You might have noticed text in the “services” section. Using the same font, we will try to structure all that into groups. The triangles for those imaginary drop-downs were created by using the Polygon Tool (U) with three sides. The crosses are icons from a set created by Visual Idiot or Unicons. The color I used for “inactive” elements is the same gray we used for the headline. For the “active” file we used the plain white color and the blue hover color is #5783ff. (I used the Rectangle Tool (U) to create that shape).
If you are familiar with code editors, you know that each line has its own number, so that you can easily find a specific line or know how many lines of code you’ve written. Leave a space of 20 pixels wide for numbers; those numbers will be given a light-red color (#d42f34) and a noise pattern will be applied for the background (refer to previous steps).
As you can see, a lot of code appeared. We have written it by using the same font with a “regular” weight and size of 12 points. Note that different elements have different colors. The base color is dark gray (#525252) which will be applied to any text and opening/closing tag digits “</>”. Classes and html tags will be blue (#4c70e3) and class names will have a pinkish-red color (#d62518).
We will also add a scroll bar to the right of the widget. Use the Rounded Rectangle Tool (U) to set the radius to 10 pixels and give it a width of 8 pixels and height of 370 pixels. The color for the base is light grey (#5d5d5). The scroll is 15 pixels high and 4 pixels wide. Give it a dark grey color (#6a6a6a) and white drop shadow.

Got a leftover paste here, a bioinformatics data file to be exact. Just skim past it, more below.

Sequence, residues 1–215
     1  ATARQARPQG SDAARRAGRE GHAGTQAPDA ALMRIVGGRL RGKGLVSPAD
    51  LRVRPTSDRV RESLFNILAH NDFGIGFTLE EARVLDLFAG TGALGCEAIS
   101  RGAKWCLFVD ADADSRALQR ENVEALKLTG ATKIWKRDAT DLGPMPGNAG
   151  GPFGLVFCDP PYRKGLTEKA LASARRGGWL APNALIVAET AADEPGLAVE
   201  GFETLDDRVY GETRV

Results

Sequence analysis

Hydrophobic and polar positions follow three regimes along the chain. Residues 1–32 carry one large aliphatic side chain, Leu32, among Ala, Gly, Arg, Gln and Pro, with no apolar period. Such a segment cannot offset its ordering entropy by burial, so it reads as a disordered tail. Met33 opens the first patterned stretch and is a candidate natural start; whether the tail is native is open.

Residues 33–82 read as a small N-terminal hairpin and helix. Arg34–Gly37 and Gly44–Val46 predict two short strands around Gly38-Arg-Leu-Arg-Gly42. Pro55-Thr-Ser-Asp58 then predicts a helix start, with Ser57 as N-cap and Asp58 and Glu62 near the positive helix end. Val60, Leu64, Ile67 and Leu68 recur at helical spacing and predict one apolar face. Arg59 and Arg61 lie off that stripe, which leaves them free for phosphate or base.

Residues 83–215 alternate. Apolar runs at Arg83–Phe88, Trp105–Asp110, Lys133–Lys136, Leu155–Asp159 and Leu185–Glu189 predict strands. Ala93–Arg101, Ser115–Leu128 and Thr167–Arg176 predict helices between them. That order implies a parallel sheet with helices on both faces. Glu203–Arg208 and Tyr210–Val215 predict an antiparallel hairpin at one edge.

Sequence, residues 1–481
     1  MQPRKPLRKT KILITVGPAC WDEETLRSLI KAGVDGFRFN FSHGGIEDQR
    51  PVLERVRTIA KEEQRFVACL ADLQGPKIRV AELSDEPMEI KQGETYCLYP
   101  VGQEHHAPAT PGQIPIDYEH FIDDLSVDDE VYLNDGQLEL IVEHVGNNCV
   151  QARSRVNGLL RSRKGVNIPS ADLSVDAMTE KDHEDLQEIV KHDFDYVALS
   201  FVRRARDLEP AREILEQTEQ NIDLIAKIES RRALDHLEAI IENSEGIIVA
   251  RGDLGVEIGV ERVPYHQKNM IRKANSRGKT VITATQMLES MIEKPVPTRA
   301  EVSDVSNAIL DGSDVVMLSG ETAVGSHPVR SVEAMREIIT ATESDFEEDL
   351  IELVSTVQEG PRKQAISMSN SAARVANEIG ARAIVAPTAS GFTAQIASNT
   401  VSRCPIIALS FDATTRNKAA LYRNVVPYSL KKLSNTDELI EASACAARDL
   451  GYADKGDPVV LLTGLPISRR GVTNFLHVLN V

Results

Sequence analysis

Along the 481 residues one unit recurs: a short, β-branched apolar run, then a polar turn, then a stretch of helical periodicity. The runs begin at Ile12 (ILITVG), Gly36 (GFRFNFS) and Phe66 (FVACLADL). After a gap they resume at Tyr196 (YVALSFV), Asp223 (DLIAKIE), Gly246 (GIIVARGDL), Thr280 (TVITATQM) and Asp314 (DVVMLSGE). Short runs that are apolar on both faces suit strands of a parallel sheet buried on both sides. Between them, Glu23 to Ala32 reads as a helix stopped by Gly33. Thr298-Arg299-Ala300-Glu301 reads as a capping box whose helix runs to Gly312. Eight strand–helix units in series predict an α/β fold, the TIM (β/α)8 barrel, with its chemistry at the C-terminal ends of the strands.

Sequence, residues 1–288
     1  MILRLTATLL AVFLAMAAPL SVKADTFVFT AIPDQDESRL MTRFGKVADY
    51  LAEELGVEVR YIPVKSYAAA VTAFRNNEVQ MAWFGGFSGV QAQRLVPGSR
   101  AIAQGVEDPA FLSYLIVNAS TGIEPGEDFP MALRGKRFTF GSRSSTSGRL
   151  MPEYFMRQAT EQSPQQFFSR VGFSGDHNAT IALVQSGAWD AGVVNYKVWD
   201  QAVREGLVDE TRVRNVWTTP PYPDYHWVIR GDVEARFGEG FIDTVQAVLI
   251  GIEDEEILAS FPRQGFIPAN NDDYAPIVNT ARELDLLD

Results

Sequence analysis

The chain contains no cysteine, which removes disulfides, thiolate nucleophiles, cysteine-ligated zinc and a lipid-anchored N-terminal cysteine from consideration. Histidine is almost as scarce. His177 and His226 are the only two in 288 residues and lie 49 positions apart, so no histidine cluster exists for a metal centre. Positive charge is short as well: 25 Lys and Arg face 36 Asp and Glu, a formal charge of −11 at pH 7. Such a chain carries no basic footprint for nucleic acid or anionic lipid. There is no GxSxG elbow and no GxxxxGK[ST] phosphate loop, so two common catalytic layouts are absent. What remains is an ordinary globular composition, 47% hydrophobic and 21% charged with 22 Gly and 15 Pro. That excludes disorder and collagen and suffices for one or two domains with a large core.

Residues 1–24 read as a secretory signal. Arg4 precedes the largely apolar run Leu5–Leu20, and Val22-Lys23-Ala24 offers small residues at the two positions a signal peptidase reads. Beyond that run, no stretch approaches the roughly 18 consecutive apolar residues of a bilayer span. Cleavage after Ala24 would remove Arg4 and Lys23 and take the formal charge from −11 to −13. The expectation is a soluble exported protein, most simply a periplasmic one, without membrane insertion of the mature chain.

We will also add a “highlighter” for one of our code lines. We will do that by creating a new Rectangular Shape (U) of 13 pixels high in light blue (#dbe6ff). Apply a white inner shadow with an opacity of 40 percent.
Apply a bevel and emboss effect to the shape as well, creating a dark shadow at the bottom of the bar. Set the opacity for black to 4 percent, for white to 0 percent and the size to 3 pixels.
Apply a soft light gradient overlay effect with the opacity set to 26 percent.
Finish the hover bar by applying a 1 pixel stroke in a darker blue than the base color.
The widget looks pretty good so far but there’s one more thing I’d like to add. Some code editors offer support for more than one language; we’ll try to imitate that as well. Use the Text Tool (T) and Open Sans font (11 points), type in file type (HTML) and number of code lines found near the left bottom corner. We’ll also type in the language the code editor uses near the bottom right corner.
Use the Rounded Rectangle Tool (U) to create a shape of 80 by 50 pixels with a dark color (#343434). With the Polygon Tool (U), set the number of sides to three, and by holding SHIFT and selecting the layer we’ve created one more triangle which will yield only one shape file, not two (one for the rounded rectangle and one for the triangle).
Since our code editor will support two languages, we will divide the shape into two parts. For that reason we will create a dark dividing line (#1c1c1c) and apply a white drop shadow to it (something we’ve done in previous steps).
Using the Rounded Rectangle Tool (U), hover the entire “top part” above the dividing line we just created. Get rid of the rounded effect along the bottom corners using the Path Selection Tool (P).
I hope you’ve succeeded with your code editor design. If you have questions or suggestions, let us know in the comments.